Assistant Professor of Psychology
University of Washington
is Assistant Professor of Psychology at the University of Washington and is affiliated with the University of Washington Institute for Neuroengineering (UWIN), the Center for Sensorimotor Neural Engineering (CSNE) and the Program in Neuroscience. His research is focused on defining the fundamental computations in the brain that control sensory integration and decision-making, with a primary goal of developing technologies and practices to help our brains make optimal decisions in uncertain environments. His work integrates physics, neuroscience and comparative biology, combining modern data-driven analysis techniques with newly developed technologies for imaging and recording from the brain. Working with an international team of scientists, his group has pioneered new approaches to study navigation and spatial reasoning across multiple species, including the creation of computer-controlled environments. Through this interdisciplinary approach, his group creates and tests theories regarding how our brains interpret and remember sensory information to guide our decisions.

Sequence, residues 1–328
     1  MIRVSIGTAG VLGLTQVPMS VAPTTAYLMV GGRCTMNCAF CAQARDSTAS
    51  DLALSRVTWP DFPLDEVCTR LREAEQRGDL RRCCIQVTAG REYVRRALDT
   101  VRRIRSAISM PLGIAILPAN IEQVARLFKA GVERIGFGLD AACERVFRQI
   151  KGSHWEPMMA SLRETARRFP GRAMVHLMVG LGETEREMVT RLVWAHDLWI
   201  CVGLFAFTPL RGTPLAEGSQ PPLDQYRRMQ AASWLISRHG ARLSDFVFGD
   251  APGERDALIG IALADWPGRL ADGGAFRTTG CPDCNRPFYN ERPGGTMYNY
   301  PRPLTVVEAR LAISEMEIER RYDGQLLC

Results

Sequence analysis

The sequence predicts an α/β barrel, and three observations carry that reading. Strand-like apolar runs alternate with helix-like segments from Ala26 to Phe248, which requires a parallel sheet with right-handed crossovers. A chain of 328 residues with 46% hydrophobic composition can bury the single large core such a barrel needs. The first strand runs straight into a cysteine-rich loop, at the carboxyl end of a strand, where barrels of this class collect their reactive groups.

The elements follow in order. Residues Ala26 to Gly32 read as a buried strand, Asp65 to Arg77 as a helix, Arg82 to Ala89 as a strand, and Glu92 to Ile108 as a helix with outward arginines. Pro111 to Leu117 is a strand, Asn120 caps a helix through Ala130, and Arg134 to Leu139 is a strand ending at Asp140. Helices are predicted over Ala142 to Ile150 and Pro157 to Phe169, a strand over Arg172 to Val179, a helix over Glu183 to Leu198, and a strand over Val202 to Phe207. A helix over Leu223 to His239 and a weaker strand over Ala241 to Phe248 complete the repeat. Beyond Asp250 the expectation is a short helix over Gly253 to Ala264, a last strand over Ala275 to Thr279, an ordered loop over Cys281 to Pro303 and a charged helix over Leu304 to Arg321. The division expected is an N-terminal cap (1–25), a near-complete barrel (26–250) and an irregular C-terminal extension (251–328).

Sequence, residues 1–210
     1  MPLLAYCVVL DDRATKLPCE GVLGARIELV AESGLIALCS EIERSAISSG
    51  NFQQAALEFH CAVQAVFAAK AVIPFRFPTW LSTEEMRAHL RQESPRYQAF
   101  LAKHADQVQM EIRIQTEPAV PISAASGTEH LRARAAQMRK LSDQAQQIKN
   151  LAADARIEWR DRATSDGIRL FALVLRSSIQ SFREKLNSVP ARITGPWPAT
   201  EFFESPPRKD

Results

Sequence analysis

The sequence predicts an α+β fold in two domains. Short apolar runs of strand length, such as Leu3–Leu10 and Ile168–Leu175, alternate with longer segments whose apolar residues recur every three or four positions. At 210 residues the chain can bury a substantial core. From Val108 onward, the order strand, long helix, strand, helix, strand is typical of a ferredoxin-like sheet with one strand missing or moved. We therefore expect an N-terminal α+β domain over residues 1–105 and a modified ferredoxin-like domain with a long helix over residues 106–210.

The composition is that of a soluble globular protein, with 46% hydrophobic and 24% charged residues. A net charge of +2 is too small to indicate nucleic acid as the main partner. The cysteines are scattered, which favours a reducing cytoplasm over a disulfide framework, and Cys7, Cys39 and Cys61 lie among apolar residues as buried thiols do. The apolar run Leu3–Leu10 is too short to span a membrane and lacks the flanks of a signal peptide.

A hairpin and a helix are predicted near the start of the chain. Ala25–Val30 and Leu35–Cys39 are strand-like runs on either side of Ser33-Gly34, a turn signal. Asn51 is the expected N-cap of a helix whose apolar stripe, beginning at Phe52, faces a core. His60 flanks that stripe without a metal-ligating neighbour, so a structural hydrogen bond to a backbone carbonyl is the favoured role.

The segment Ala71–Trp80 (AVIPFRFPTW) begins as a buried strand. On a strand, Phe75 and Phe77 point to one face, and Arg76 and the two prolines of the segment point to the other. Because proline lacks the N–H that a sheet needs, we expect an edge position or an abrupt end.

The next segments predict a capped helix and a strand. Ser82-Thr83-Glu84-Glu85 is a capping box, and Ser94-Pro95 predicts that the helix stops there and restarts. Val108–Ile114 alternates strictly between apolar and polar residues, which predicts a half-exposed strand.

Director, Center for Sensorimotor Neural Engineering & Professor, Computer Science and Engineering
University of Washington
Rajesh P. N. Rao
is the Director of the NSF Center for Sensorimotor Neural Engineering and Professor of Computer Science and Engineering at the University of Washington. He is the recipient of a Guggenheim Fellowship, a Fulbright Scholar award, an NSF CAREER award, a Young Investigator Award from the Office of Naval Research, a Sloan Faculty Fellowship, and a Packard Fellowship for Science and Engineering. He is the author of the book Brain-Computer Interfacing (Cambridge University Press, 2013) and the co-editor of two volumes, Probabilistic Models of the Brain (MIT Press, 2002) and Bayesian Brain (MIT Press, 2007). His research spans the areas of computational neuroscience, AI, and brain-computer interfacing. Prof. Rao and his collaborators were the first to demonstrate direct brain control of a humanoid robot in 2007 and direct brain-to-brain communication in humans in 2013. With Prof. Adrienne Fairhall, he offered the first MOOC (massively open online course) in computational neuroscience on Coursera. Prof. Rao's other interests include classical Indian paintings and the 4000-year-old undeciphered Indus script, a topic on which he has given a TED talk.